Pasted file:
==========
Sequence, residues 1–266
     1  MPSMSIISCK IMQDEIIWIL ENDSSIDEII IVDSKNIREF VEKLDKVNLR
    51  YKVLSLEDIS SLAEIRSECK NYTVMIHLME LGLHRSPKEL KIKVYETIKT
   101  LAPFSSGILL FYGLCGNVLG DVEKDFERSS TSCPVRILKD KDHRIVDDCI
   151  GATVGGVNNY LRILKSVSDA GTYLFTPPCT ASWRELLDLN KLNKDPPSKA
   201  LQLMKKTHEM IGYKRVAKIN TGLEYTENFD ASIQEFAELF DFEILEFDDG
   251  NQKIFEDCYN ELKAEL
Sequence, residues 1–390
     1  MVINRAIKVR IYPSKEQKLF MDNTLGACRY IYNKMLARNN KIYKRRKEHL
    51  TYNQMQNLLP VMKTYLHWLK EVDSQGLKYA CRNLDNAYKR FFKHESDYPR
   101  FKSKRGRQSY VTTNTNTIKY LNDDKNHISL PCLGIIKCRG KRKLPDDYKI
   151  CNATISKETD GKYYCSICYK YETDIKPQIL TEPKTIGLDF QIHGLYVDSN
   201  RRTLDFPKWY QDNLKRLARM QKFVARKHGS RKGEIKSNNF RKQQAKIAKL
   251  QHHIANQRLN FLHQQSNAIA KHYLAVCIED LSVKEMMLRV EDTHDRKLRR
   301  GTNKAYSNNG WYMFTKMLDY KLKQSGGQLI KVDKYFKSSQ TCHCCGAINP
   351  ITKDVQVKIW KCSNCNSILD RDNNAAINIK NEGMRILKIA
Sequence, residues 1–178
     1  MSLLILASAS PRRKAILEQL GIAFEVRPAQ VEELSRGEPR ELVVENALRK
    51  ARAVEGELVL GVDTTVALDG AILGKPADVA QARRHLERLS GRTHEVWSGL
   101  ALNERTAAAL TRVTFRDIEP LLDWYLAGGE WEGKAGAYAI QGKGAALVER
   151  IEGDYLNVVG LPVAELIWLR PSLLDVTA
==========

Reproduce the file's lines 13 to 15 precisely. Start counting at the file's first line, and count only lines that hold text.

   201  RRTLDFPKWY QDNLKRLARM QKFVARKHGS RKGEIKSNNF RKQQAKIAKL
   251  QHHIANQRLN FLHQQSNAIA KHYLAVCIED LSVKEMMLRV EDTHDRKLRR
   301  GTNKAYSNNG WYMFTKMLDY KLKQSGGQLI KVDKYFKSSQ TCHCCGAINP